Leadville 100 MTB: What It Takes to Ride the Legendary Race

If one thing is evident in the film ‘Victory Lap,’ it’s that distance cycling takes a lot of commitment.

Two mountain bikers show what it’s like to take on the Leadville 100, one of the most challenging and prestigious mountain bike races in the country.

Starting at 10,000 feet, the Leadville 100 takes riders over 100 miles and 12,000 feet of elevation change. Training means months of miles in the saddle and buckets of “mental toughness,” and that’s not even including the work riders have to put in during the race.

The film “Victory Lap” stars amateur riders and Stio ambassadors Nicole Jorgenson and Charlie Hagen. But it’s not just race film — it highlights both riders’ training and mental journeys leading up to the event. “Training for the Leadville 100 consisted of more hours on the bike than I had ever previously endured,” said Jorgeson.

There’s a theory that the preparation and training is the hardest part, and the actual race is just a victory lap.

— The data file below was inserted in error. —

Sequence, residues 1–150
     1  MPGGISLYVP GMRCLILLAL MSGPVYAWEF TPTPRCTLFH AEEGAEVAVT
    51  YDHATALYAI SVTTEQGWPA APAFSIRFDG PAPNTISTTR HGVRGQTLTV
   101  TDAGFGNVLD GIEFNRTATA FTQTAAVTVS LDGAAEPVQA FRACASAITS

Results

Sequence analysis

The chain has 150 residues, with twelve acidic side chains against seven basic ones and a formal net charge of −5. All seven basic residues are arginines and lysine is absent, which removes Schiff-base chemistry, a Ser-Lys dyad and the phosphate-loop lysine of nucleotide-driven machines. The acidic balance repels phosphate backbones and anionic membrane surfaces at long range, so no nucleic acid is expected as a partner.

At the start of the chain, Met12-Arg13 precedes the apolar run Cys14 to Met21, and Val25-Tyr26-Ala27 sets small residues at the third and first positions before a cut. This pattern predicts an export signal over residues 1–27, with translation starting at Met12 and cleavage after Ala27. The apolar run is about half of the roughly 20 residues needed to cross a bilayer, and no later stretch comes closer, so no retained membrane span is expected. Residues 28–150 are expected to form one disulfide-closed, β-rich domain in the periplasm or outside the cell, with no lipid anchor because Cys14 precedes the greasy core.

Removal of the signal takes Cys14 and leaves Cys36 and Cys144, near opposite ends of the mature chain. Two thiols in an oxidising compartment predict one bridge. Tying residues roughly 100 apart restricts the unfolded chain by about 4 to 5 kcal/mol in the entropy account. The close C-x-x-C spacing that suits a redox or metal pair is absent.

“There’s no debating that Leadville is a long race,” said Hagen. “The race itself was magic … Every single rider has put the time in. Ninety-five percent of the field is there for personal goals and to test themselves.”

So maybe, just maybe, it’s more than a race. It’s a feeling of camaraderie, a goal, an achievement. And it’s the success of crossing a literal finish line after putting in the effort.

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Mary Murphy
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Mary Murphy is the Managing Editor of GearJunkie and serves as the leader of Lola Digital Media’s DEI Committee. She has been writing about hiking, running, climbing, camping, skiing, and more for seven years, and has been on staff at GearJunkie since 2019. Prior to that, Mary wrote for 5280 Magazine in Denver while working as an outdoor instructor teaching climbing, kayaking, paddleboarding, and mountain biking at Avid4Adventure. Based in Denver, Colorado, Murphy is an avid hiker, runner, backpacker, skier, yogi, and pack-paddleboarder.

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